Achieving high enrollments for group long term care insurance benefits requires choosing the right client, well planned execution and thorough involvement of the employer in supporting the program, experts said during a session of the Intercompany Long Term Care Insurance annual conference, sponsored here last month by the Society of Actuaries.
Important clues to whether an employer group is right for the LTC sale include the educational levels and job types of the employees. Generally, the higher the employees’ job responsibilities, pay and education level, the better the chances for a profitable enrollment, said John O’Leary, marketing leader for group LTC, Genworth Financial.
To appeal to different income levels in the workforce, the offer should also include different plan designs, so employees can pick benefit levels that suit them, he added. In addition, producers should make sure the employer’s top executives and human resources staff agree to allow an enrollment campaign that touches each employee several times, including face-to-face meetings when practical with representative of the vendor.
Sometimes, though, potential clients don’t always fit the expected profile of the ideal prospect, noted Kevin Sypniewski, president and CEO of AGIS Network Inc., a company that works with benefit advisors to provide eldercare counseling to employees as well as group LTC.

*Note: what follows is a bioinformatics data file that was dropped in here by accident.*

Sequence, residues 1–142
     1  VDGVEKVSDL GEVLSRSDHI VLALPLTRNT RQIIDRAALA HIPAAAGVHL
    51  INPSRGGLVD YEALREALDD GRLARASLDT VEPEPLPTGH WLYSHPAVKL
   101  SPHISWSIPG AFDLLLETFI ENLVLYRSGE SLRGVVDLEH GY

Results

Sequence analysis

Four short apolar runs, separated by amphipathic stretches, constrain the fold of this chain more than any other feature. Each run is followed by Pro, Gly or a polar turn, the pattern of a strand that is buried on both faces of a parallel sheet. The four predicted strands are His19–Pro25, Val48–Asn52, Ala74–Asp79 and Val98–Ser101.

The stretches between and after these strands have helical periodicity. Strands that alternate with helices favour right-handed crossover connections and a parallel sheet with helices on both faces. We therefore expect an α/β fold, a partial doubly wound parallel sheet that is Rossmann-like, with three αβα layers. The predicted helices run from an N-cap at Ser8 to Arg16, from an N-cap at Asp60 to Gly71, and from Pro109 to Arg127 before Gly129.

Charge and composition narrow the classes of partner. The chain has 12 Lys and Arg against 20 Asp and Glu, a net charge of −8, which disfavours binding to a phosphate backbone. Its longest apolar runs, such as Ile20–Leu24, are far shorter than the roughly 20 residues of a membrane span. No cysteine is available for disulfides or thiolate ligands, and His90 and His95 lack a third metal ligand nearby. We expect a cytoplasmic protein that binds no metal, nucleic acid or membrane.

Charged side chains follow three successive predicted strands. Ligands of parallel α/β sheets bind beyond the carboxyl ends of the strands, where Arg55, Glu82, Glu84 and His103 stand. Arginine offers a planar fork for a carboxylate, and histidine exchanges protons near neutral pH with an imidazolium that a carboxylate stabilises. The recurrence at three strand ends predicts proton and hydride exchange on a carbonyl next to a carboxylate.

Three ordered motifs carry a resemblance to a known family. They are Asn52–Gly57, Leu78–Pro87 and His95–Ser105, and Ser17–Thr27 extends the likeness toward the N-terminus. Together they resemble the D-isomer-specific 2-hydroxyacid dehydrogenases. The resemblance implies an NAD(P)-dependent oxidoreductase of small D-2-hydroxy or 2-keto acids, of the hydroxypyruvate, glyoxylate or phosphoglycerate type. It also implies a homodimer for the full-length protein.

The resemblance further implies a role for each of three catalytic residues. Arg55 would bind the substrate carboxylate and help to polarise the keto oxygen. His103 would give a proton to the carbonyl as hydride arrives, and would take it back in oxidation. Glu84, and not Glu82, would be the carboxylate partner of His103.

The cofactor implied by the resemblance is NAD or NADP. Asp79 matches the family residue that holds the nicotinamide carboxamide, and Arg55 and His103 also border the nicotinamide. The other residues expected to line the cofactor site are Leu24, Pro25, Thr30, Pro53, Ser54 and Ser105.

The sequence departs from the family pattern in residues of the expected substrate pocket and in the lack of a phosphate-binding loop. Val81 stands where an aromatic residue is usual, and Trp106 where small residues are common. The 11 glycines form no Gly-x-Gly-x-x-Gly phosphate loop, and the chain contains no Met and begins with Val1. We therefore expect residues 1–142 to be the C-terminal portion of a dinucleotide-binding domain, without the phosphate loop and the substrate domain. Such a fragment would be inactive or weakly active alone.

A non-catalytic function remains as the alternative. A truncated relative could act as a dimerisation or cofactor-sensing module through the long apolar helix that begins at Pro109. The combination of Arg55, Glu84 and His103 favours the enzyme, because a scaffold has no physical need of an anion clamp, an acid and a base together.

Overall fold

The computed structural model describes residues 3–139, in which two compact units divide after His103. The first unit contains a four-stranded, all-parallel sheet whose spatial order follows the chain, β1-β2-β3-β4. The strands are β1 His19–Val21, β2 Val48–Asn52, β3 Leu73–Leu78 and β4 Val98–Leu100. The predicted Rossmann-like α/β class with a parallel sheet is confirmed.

For example, he approached one California K-12 school district with heavy union involvement and fairly low-paid teachers, averaging around $45,000 annually–generally, a group that experience showed had low potential.
“Were we jousting at windmills?” he remembers asking himself at the time.
Compared to his expectations, however, actual enrollment results were close to spectacular. Of all eligible employees, 22% signed up for the policy, compared to Sypniewski’s original estimate of 12% of employees, he reported. In addition, 5% of employees’ spouses or other family members signed up. Total annual premium was $300,000.
An important factor in the success was the employer’s support, with all principals in the school system participating in a 45-minute meeting with company representatives who described the merits of the LTC policy.